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Total IgE: A measurement of the total amount of IgE circulating in a patient's blood can be helpful but is elevated in only one-half of allergic patients. RAST testing is a more specific blood test for allergy. This is a radio-immune assay where a patient's serum is incubated with different allergens and antigen/antibody complexes are then measured. This is not as sensitive as skin testing and certainly more costly, and cannot therefore be used as a screening tool. A smear of nasal mucus, checked for eosinophils (allergy mediating cells), can be helpful if the percentage of eosinophils is over 5%. An adenoid x-ray to assess how large the airway is at the back of the nose is also helpful. Physical examination can sometimes distinguish allergy from viral upper respiratory infections, but this is often quite difficult.

We take great care to make sure that the information in this leaflet is correct and up-to-date. However, medicines can be used in different ways for different patients. It is
important that you ask the advice of your doctor or pharmacist if you are not sure about something. This leaflet is about the use of these medicines in the UK, and may not apply
to other countries. The Royal College of Paediatrics and Child Health (RCPCH), the Neonatal and Paediatric Pharmacists Group (NPPG), WellChild and the contributors and
editors cannot be held responsible for the accuracy of information, omissions of information, or any actions that may be taken as a consequence of reading this leaflet.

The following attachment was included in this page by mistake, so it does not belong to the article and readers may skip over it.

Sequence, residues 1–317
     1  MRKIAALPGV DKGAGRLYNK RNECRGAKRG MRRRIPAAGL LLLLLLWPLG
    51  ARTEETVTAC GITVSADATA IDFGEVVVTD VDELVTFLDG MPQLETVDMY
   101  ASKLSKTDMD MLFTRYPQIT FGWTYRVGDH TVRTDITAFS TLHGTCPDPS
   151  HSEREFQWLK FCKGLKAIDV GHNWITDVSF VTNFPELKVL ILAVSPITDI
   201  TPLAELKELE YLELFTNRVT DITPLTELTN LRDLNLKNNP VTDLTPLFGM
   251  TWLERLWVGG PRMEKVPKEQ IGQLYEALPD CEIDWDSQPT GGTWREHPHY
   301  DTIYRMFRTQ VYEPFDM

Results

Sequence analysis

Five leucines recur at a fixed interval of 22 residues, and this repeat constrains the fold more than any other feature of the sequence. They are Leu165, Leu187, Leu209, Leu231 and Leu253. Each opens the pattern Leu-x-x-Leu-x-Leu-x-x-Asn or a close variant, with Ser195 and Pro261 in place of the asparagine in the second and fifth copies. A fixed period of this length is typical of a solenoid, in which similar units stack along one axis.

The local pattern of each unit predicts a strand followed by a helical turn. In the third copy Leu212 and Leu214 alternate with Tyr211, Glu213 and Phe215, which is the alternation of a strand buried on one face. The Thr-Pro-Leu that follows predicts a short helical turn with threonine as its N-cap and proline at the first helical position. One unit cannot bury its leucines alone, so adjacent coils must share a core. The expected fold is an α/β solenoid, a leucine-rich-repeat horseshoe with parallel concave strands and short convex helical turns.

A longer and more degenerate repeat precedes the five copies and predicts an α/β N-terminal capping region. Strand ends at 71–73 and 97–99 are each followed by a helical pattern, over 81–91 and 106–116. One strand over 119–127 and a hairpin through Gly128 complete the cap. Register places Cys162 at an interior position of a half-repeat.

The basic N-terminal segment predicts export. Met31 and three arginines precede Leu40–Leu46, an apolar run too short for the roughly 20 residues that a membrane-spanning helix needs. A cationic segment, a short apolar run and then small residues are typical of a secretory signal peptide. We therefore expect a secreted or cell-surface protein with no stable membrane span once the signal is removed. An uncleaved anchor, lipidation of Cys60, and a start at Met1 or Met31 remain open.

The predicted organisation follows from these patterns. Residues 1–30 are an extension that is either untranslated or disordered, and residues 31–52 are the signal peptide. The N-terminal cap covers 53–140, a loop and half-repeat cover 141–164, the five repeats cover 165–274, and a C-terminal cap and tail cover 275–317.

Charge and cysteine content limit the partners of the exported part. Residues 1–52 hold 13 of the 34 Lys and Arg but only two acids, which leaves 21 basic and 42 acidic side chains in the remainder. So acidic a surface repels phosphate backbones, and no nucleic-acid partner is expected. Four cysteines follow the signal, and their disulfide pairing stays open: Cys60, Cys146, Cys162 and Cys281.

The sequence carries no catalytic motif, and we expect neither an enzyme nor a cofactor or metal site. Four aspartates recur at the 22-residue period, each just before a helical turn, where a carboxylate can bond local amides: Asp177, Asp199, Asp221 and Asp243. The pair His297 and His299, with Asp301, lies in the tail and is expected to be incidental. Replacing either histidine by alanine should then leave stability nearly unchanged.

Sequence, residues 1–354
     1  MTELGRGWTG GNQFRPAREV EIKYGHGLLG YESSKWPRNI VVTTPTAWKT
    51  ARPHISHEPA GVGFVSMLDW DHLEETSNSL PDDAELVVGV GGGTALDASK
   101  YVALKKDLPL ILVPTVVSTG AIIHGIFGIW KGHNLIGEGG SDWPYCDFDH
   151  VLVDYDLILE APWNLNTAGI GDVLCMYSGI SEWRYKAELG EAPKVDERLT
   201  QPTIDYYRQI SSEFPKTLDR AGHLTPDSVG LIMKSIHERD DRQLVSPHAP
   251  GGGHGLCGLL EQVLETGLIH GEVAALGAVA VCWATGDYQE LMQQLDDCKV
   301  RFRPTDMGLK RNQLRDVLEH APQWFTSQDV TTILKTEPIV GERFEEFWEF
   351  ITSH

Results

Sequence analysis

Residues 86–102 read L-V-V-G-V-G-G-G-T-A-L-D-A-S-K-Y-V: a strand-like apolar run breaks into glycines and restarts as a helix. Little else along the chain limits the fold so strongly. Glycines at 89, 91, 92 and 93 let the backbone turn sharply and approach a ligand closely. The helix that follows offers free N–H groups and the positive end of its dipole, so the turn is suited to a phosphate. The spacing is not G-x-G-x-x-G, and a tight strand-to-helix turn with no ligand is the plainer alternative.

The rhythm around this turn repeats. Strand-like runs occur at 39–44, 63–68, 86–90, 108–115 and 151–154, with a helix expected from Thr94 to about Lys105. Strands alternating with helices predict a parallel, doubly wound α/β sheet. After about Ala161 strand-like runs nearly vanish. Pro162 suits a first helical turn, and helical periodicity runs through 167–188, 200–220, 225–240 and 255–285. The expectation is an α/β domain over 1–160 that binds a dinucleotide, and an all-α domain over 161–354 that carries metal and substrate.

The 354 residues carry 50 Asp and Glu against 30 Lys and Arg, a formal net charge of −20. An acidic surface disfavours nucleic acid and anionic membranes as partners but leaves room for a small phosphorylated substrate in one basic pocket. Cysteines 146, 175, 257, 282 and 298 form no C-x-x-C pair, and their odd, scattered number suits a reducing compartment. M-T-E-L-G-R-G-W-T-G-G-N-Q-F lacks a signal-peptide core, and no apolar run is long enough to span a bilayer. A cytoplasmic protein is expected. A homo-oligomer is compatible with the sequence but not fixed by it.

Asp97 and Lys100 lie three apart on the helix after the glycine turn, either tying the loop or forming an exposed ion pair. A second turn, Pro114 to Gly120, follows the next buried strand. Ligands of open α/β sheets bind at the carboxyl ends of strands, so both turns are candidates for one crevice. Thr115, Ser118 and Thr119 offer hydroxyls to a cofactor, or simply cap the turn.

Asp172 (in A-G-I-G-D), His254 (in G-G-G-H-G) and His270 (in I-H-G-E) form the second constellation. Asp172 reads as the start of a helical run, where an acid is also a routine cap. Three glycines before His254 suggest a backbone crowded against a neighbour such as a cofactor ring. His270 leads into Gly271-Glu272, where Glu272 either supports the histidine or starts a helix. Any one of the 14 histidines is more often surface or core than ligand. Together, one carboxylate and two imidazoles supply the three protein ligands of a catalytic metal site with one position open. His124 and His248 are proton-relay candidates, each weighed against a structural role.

If you have had an ear infection with discharge for a while, you may find that you don’t hear as well as you did before. If the infection isn’t treated, your hearing might get worse.
If your child has a long-term ear infection, it could cause hearing difficulties and other problems. And if a child can’t hear properly during the first three years of life, it’s harder for the child to learn to speak and understand language. This can lead to problems at school.
There’s also a slight risk of more serious problems if you don’t get treatment. These conditions are rare. They include infection of the large bone behind your ear (mastoiditis) and extra skin growing in your ear (cholesteatoma). These can be treated with antibiotics or an operation. There is also a very slight risk of an ear infection spreading into your brain and causing meningitis or a brain abscess.

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